Patient Lying Down

Observe flexion at the elbow, and watch for and feel the contraction of the biceps muscle.

The Triceps Reflex (C6, C7). Flex the patient's arm at the elbow, with palm toward the body, and pull it slightly across the chest. Strike the triceps tendon above the elbow. Use a direct blow from directly behind it. Watch for contraction of the triceps muscle and extension at the elbow.

If you have difficulty getting the patient to relax, try supporting the upper arm as illustrated on the right. Ask the patient to let the arm go limp, as if it were "hung up to dry." Then strike the triceps tendon.

The Supinator or Brachio-radialis Reflex (C5, C6). The patient's hand should rest on the abdomen or the lap, with the forearm partly pronated. Strike the radius about 1 to 2 inches above the wrist. Watch for flexion and supination of the forearm.

The Abdominal Reflexes. Test the abdominal reflexes by lightly but briskly stroking each side of the abdomen, above (T8, T9, T10) and below (T10, T11, T12) the umbilicus, in the directions illustrated. Use a key, the wooden end of a cotton-tipped applicator, or a tongue blade twisted and split longitudinally. Note the contraction of the abdominal muscles and deviation of the umbilicus toward the stimulus. Obesity may mask an abdominal reflex. In this situation, use your finger to retract the patient's umbilicus away from the side to be stimulated. Feel with your retracting finger for the muscular contraction.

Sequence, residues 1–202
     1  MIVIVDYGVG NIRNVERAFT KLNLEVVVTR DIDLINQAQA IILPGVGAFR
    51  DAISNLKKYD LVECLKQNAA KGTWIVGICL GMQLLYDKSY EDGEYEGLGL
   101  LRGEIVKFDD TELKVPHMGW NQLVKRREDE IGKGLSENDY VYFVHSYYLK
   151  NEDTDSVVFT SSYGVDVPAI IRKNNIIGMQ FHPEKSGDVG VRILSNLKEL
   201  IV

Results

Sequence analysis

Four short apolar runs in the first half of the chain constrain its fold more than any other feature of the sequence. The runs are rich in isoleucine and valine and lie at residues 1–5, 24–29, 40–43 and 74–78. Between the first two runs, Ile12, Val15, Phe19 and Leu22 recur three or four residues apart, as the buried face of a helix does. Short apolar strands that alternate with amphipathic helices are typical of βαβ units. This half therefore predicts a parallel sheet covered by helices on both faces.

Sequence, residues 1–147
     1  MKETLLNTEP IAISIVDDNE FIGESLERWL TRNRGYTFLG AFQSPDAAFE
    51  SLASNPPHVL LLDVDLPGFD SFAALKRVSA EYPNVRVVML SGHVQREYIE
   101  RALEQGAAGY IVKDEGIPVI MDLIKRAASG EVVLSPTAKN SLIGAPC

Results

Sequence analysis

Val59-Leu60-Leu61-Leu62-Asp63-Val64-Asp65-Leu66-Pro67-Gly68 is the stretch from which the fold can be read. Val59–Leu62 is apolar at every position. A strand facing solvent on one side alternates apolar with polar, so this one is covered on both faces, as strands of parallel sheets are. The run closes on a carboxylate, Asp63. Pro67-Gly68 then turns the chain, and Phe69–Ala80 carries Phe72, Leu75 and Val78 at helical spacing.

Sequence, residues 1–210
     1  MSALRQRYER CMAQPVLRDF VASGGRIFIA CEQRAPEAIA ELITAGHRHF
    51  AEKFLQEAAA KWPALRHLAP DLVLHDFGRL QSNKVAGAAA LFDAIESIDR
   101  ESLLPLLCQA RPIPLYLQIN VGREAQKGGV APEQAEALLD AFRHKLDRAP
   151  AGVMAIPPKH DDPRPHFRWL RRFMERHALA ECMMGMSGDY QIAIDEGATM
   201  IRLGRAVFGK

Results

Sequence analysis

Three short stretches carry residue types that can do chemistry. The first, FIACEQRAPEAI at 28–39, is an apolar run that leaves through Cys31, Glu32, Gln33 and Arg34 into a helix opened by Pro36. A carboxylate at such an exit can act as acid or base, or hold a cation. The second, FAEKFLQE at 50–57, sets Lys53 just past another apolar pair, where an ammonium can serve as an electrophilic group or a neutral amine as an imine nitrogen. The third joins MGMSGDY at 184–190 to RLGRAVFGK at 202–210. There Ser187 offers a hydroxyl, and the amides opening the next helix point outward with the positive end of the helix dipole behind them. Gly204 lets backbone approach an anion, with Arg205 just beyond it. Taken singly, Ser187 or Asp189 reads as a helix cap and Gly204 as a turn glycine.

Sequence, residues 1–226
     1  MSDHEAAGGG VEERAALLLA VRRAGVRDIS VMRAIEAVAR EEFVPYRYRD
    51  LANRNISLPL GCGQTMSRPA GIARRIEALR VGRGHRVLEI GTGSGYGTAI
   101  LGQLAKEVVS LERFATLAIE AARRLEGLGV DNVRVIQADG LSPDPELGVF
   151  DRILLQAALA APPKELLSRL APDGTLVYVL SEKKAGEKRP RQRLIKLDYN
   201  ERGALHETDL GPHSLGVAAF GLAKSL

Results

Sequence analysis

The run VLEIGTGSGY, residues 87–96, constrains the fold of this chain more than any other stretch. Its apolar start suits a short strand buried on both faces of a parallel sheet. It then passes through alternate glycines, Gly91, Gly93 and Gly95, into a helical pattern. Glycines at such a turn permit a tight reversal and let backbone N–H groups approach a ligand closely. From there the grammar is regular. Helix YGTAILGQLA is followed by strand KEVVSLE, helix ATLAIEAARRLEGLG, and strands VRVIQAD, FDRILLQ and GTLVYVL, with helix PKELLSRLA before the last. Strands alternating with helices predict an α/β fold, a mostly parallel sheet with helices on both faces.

Abdominal reflexes may be absent in both central and peripheral nervous system disorders.
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